Anyone who follows the news is likely at least somewhat aware of the many recent stories about the dangers that kids face on the Internet. While the Internet has opened up a whole new world of both learning and socialization for kids, it also has introduced significant dangers ranging from targeted marketing to easy access to inappropriate (even pornographic) content all the way up to the risk of contact with child predators. Social networking sites like have become immensely popular with the younger population, making these sites particularly attractive targets.

Child safety online is a topic that I have taken a lot of interest in, both as the father of a toddler that I realize will grow up with the Internet as a key part of his life and also as a software engineer that has spent a large portion of my career working on online products largely targeted to younger audiences. PC Magazine recently published an excellent article entitled Do you Know Where Your Child Is Clicking? In this article, they outlined how quickly and easily a great deal of personal information about a child can be obtained simply by following up on information in personal web pages and online profiles that may initially seem to be very vague. Even kids and teens that seem to be generally cautious could still be setting themselves up for exploitation, thus requiring a great deal of parental vigilance and oversight of the young person’s online activities.

A primary recommendation in this article, which I have found to be consistent in most articles of this type, is for parents to not to give privacy while their children are using the Internet. Kids and teens should instead only use connected computers that are kept in a common area of the home where the parents or other family members are likely to be present. It also is recommended that the parents maintain primary control over the computers, including full administrative rights. These goals strongly conflict with the personal and portable focus of current UMPCs.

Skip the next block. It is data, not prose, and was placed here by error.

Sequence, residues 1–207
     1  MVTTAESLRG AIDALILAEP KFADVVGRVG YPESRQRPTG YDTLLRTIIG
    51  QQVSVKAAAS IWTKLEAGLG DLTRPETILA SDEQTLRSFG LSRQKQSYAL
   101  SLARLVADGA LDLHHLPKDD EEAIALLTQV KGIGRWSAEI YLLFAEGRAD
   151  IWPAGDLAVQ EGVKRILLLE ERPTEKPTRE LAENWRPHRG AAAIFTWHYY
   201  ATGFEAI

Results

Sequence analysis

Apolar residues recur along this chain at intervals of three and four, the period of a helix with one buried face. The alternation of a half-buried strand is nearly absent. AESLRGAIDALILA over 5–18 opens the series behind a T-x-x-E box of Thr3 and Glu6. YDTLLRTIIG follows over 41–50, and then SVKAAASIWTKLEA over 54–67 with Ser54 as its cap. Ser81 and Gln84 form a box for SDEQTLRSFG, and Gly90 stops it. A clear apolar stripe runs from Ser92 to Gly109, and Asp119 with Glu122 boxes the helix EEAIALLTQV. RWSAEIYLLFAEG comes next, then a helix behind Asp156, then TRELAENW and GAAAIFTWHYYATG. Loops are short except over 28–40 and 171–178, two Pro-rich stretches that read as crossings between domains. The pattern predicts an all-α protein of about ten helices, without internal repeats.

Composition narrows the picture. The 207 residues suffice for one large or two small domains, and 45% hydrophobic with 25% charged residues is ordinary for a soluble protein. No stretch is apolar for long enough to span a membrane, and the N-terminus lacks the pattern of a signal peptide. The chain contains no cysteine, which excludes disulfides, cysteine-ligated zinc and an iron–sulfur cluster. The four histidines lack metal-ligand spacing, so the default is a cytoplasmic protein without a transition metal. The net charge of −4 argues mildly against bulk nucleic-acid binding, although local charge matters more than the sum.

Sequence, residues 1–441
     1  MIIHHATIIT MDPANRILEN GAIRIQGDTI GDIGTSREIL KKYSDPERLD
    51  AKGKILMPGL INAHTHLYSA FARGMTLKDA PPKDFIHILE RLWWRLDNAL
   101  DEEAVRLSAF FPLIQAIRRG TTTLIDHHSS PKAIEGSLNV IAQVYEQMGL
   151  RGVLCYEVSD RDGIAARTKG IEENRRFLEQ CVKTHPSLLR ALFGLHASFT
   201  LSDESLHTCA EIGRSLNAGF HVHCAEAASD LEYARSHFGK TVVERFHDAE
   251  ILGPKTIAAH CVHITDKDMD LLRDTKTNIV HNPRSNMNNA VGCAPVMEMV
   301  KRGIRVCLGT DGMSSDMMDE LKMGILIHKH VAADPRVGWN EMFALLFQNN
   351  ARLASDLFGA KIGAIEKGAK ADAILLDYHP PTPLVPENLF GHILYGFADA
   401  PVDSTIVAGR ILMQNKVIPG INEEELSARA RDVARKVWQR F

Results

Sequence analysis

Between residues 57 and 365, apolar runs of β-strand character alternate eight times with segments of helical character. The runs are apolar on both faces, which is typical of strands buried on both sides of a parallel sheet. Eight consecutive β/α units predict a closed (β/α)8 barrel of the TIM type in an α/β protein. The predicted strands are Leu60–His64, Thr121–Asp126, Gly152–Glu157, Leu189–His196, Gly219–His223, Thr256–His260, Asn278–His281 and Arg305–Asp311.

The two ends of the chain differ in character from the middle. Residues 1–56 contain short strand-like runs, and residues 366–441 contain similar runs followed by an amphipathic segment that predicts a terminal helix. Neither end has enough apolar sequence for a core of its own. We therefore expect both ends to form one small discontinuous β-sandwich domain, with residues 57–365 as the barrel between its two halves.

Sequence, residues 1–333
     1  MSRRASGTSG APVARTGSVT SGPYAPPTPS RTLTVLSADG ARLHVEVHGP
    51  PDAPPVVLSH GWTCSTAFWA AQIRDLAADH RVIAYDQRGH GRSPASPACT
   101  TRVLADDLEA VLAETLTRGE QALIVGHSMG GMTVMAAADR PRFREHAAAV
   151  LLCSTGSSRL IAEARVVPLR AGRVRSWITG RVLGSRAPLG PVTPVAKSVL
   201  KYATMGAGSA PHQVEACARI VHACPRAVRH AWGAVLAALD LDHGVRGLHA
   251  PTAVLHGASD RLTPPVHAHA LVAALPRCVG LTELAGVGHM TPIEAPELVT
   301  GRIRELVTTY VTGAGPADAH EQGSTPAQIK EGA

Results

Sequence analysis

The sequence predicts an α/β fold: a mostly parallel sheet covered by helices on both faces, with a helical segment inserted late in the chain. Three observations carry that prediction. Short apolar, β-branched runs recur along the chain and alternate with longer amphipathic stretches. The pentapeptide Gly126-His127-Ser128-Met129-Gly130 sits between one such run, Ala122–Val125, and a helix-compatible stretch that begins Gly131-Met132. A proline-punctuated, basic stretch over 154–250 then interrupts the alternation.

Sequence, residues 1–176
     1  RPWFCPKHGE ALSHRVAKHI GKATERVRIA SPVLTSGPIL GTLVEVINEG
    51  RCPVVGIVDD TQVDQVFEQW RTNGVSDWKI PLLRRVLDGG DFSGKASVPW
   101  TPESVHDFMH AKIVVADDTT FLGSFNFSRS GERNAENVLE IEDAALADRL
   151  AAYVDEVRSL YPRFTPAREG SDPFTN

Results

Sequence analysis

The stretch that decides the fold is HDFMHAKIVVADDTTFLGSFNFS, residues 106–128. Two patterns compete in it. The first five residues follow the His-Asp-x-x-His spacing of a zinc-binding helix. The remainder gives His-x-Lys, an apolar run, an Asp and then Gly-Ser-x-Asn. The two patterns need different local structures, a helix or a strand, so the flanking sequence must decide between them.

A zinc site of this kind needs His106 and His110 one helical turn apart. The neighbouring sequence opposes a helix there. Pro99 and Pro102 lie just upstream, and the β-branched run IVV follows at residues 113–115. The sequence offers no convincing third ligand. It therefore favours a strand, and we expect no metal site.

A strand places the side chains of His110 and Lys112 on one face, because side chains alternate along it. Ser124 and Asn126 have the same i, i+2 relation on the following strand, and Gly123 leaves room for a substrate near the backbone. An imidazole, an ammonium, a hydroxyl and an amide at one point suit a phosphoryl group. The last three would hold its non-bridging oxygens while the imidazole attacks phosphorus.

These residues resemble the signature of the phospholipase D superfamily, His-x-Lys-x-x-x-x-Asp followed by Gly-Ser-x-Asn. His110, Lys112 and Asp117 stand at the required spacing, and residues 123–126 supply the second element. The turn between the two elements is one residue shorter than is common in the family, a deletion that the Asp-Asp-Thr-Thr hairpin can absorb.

Connectivity is generally considered to be one of the primary functions of a UMPC. Wi-fi, Bluetooth, and/or cellular networking have been standard, built-in features of nearly every UMPC so far. The only significant exception has been the DualCor and its expected lack of built-in connectivity has been its most widely-mentioned criticism, leading DualCor to heavily emphasize the availability of add-on cards. It wouldn’t surprise me at all if a wi-fi and/or Bluetooth add-on card is standard in the box, once these units are released. (more…)

UMPC as Primary PC

Monday, June 26th, 2006

Last weekend, my desktop system developed a major overheating issue. I attempted to correct the problem by replacing the CPU heat-sink and fan, but ended up messing something up and leaving the system unable to boot at all. As a result, it has been at the repair shop for the last week. This means that my UMPC has been serving as my primary PC for the past week, resulting in an interesting test of its overall usability.

My desktop PC is kept in our living room and even since I got my eo, I have mostly still been using the desktop system when I was in that room. Even for tasks like web surfing and email, I have mostly been using the UMPC when on the go or around the house in rooms other than the one where the desktop PC was located, particularly up in the bedroom. With the UMPC as the only PC available this week (unless I want to use my wife’s notebook PC), I have now expanded to using it anywhere in the house. What I have found is that this has helped to introduce me more to the wonders of “couch surfing”, the term that many in the UMPC community have used for web browsing from the couch while parked in front of the TV. While I admit that I almost feel a tad lazy web browsing in that way, I also get the feeling that I could get way too used to it. It is a bit decadent, but also pretty nice…